"I think in normal circumstances the story of the race probably could have been different," Urán said. "Now I am 1:41 minutes down from Quintana in the overall classification. But the Giro is not finished yet. We will keep going, we will try to take back the maglia rosa. We are not done fighting for pink."

    Omega Pharma-Quick Step's director sportif Davide Bramati kept his riders up-to-date with the latest from race radio telling them to watch out for any possible attacks.

    "On the Stelvio I heard from Davide Bramati that...

  • Video: Hepburn and McCarthy on riding in the grupetto

    Jay McCarthy (Tinkoff-Saxo)
    Article published:
    May 28, 2014, 5:00 BST
    Cycling News

    Australian duo in survival mode

    For two young Australians at the Giro d'Italia, the third mountainous week of the Italian grand tour is all about the survival in the grupetto. 

    This is the first three-week race for Jay McCarthy (Tinkoff-Saxo) and Michael Hepburn (Orica-GreenEdge) who have both enjoyed teammates winning stages but are now focused on making it to Trieste on June 1 and completing their maiden corsa rosa.

    Hepburn's Giro got off to the best possible start with Orica-GreenEdge winning the team time trial and giving Svein Tuft a pink jersey for his 37th birthday. Teammate Michael Matthews then spent six days in pink and won stage six while Pieter Weening went and won stage 9 for good measure.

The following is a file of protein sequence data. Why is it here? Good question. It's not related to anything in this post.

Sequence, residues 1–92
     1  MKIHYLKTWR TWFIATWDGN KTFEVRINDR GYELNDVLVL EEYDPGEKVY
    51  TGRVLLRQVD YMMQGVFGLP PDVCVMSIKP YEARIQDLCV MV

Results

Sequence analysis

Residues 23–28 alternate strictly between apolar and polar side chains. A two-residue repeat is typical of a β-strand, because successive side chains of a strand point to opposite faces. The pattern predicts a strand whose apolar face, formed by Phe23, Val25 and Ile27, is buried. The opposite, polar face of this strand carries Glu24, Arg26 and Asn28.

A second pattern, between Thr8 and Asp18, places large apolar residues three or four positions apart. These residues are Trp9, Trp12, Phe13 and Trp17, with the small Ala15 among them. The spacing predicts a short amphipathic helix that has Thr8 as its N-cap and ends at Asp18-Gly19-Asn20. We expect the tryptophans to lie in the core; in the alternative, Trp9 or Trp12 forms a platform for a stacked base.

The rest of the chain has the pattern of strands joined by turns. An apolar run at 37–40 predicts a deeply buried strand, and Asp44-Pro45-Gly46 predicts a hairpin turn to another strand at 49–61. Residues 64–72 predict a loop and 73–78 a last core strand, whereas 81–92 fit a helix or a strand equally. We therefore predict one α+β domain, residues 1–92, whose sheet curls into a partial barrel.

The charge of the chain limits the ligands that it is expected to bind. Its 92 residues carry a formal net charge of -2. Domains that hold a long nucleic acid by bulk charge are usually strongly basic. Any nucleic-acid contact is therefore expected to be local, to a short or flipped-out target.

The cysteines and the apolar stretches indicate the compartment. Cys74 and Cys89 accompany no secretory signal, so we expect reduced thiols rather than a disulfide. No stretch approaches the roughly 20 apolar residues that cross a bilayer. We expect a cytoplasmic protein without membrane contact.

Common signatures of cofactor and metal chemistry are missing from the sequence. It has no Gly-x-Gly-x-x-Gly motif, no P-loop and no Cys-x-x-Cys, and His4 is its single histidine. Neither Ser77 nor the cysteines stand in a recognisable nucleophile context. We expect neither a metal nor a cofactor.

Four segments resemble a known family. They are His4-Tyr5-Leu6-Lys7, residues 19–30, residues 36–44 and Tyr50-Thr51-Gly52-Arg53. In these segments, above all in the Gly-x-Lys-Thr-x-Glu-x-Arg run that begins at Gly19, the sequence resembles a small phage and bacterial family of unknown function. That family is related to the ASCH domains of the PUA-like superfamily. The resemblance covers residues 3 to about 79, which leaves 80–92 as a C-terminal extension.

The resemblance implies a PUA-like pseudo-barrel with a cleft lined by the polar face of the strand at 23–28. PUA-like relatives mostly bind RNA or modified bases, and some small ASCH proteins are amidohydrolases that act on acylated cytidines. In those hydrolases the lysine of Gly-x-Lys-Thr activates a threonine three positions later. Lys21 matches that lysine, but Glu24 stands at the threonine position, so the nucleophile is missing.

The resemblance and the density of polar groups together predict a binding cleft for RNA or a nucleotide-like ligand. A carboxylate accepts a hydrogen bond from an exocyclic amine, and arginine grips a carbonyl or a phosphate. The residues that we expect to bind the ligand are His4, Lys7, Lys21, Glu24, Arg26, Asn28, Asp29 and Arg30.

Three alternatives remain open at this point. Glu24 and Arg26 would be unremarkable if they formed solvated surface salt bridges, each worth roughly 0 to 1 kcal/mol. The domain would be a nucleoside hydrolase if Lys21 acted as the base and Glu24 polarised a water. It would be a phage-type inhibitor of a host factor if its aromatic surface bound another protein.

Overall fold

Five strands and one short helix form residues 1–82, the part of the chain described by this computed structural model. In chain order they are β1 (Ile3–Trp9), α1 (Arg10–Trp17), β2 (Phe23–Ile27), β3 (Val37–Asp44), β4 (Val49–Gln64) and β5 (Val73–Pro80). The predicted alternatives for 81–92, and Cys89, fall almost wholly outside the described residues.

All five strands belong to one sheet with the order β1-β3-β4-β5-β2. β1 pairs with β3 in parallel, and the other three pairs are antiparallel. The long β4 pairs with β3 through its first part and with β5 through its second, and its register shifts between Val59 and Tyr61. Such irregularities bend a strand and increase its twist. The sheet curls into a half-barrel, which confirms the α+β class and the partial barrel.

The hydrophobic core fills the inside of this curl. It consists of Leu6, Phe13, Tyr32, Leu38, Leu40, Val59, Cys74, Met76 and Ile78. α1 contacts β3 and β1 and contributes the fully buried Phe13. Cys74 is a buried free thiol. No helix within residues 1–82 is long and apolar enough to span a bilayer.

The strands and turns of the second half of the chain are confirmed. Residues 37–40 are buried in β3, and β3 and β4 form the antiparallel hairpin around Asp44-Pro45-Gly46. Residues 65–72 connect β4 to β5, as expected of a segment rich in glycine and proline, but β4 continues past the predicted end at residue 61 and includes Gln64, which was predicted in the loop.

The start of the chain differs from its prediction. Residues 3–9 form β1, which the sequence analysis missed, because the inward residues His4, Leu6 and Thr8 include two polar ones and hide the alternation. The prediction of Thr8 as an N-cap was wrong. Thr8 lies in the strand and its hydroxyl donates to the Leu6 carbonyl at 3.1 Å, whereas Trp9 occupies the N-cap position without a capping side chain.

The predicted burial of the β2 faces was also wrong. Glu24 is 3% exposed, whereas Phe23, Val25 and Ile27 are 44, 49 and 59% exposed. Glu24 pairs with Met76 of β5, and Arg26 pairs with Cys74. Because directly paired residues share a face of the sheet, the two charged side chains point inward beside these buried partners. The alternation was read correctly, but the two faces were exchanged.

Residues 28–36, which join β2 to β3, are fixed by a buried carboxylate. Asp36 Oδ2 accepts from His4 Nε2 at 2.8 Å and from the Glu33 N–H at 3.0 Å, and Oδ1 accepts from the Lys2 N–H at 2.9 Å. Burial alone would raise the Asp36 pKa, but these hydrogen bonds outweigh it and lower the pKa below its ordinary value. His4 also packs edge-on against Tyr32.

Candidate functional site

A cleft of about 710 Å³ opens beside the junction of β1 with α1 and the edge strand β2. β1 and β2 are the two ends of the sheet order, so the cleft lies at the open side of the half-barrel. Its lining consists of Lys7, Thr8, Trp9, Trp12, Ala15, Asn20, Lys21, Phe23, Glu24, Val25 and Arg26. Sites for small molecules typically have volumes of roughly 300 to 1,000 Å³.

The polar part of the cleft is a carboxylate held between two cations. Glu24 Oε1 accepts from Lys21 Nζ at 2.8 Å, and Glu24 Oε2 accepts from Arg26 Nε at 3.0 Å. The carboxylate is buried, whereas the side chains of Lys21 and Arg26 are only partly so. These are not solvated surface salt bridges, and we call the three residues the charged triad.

It hasn't been all easy sailing for the Australian team since though with just three GreenEdge riders left in the Giro — Tuft and Ivan Santamorita are keeping Hepburn company on the bus.

    For McCarthy, it has also been a successful first giri with Rafal Majka spending the majority of the race in the maglia bianco and Michael Rogers solo stage 11 win.

    McCarthy and Hepburn sat down in Cyclingnews to talk about the...

  • Cataldo provides Giro highlight for Team Sky with Cima Coppi prize

    Dario Cataldo presented with the 2014 Cima Coppi award
    Article published:
    May 28, 2014, 7:10 BST
    Cycling News

    Sebastian Henao impressing Dario Ciono with eighth place

    Dario Cataldo produced a Giro d'Italia highlight for Team Sky on stage 16 as he claimed the Cima Coppi prize for being the first rider over the 2758m high Stelvio. The 29-year-old came close to victory on stage 14, narrowly losing a sprint against Enrico Battaglin (Bardiani-CSF), but proved he was over the disappointment by bouncing back to win the prize for the first rider over the highest peak in this years Giro.

    Cataldo had made his way into a 10-man lead group early in the stage but counter-attacked when the catch was being made and soloed to the top of the Stelvio. With miscommunication over the descent being neutralised, Cataldo powered down the Stelvio and had built a lead of 1:35 minutes over the chasers when he started the climb to the finish at Val Martello.